Cuban rap
Posted: 07 February 2008 03:58 PM   [ Ignore ]
Total Posts:  992
Joined  2005-11-19

Ed Morales |

Chris Murphy is a 53-year-old Australian best known for managing international rock stars INXS, but in 2002 he found himself in a confrontation with a Cuban government official in Havana. He was negotiating to continue to record the hip-hop artists that appear on “Liberación” (Petrol/EMI), a DVD that has been nominated for best long-form video at Sunday’s Grammy Awards ceremony.

“The chairman of the Cuban music institute became extraordinarily aggressive towards me,” said Murphy in a phone interview. “He said in this country, people have to become qualified to become musicians, and go to a conservatory for five years.” Murphy, who had his partner Mark Edwards clandestinely record rappers like El Médico, Kuva Man to Man and Fresca in a home studio in Santiago, felt himself in the throes of a dilemma.

“Your mind is flickering between what is morally correct and what a fantastic thing [it is] that these young people can be trained for five years on government money,” Murphy said. “After he finished ranting I looked him in the eye and said, ‘If your philosophy was correct, we wouldn’t have had Michael Hutchence, Bono or Elvis Presley. They didn’t have a single day of training in their lives.’”

Murphy then traveled to the southeast coast of Cuba with a freelance BBC cameraman and recorded the performances on “Liberación” during the Carnaval de Santiago de Cuba, celebrated in July. The MCs rap about quotidian life in Cuba over backing music that varies from reggaetón-style beats to more traditional hip-hop breakbeats. The video mixes layers of carnaval footage of wildly costumed revelers and families celebrating in their houses and on the streets, giving Santiago a dreamlike quality.

The performers in “Liberación” are talented, enthusiastic, and display strong technique and lyricism. “El Médico was very disciplined and had a star quality about him,” Murphy said. Other impressive moments are provided by Resurrection’s performance of “Guapo” and Lady Ragga’s “Come and Get It.” The DVD’s theme song is a reggaetón cover of T-Rex’s “Children of the Revolution.”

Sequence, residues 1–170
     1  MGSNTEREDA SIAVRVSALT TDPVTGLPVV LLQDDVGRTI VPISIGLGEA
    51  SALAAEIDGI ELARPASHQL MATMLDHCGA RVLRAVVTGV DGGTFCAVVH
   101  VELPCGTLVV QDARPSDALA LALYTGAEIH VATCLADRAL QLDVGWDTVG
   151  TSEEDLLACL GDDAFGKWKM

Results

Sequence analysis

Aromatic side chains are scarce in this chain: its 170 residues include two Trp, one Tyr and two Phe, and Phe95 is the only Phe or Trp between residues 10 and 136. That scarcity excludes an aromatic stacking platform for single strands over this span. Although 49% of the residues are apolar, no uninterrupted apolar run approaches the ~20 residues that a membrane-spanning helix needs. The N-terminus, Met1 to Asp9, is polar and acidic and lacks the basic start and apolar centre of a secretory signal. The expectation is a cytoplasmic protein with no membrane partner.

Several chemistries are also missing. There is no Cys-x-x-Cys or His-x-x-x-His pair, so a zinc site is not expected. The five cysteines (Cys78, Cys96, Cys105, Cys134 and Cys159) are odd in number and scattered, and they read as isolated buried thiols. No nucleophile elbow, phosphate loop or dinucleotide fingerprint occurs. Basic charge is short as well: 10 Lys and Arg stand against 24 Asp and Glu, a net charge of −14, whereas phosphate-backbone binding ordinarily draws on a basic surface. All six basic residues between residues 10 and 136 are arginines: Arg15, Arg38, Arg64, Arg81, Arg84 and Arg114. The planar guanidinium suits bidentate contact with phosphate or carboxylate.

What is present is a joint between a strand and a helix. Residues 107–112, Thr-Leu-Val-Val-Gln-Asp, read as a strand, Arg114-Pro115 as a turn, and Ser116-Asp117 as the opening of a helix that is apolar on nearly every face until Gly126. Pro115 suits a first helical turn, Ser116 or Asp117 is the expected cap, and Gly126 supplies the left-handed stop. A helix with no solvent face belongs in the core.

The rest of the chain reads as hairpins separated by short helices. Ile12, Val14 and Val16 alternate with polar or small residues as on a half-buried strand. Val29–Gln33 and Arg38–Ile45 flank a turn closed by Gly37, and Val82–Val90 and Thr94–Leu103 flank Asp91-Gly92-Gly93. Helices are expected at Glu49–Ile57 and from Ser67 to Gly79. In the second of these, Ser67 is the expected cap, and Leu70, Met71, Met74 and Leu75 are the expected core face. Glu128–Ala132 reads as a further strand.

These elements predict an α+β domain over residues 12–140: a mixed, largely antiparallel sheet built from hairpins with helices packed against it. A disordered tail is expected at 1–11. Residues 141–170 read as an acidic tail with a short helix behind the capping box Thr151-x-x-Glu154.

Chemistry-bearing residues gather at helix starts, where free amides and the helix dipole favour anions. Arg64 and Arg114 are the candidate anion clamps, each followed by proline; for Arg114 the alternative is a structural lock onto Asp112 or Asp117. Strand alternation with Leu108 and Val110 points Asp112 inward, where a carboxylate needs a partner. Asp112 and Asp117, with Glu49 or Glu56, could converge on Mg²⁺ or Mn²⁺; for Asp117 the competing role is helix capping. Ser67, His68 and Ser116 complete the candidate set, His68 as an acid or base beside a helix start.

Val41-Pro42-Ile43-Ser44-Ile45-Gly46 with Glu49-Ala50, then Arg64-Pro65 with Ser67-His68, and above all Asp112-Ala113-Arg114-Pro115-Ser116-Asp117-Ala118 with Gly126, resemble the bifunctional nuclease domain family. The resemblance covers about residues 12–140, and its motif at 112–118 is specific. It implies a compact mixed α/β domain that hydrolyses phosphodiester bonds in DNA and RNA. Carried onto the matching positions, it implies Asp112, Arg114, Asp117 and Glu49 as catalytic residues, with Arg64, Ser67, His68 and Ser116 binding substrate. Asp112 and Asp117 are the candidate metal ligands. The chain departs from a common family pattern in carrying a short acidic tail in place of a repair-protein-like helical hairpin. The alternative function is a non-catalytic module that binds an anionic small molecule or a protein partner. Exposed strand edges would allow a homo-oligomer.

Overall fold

Murphy is thrilled with his Grammy nomination, since the project took almost five years to be released. His Petrol Records label has had success releasing a series of world music compilations using graphic representations of fruit on the cover (Cuba’s features an orange), as well as last year’s “Che Guevara: A Soundtrack to Life,” an exclusive deal with iTunes. Now that “Liberación” has finally been recognized, he’s thinking of returning to Cuba to do a documentary about where the rappers are now.

“When I arrived back in New York from Cuba, I told my daughter, I’m a wee bit confused about capitalism vs. communism,” Murphy said. “People need more food on their plate, but every single person I saw was dancing and had a smile on their face, and music was in their blood, and there was a happiness and good vibe about the place. In New York, I walk down the street and nobody smiled at me, and I went to a restaurant where the serving was for four people instead of one, and I thought, who’s really happy here?”

E-mail Ed Morales at .(JavaScript must be enabled to view this email address)


Cuba consulting services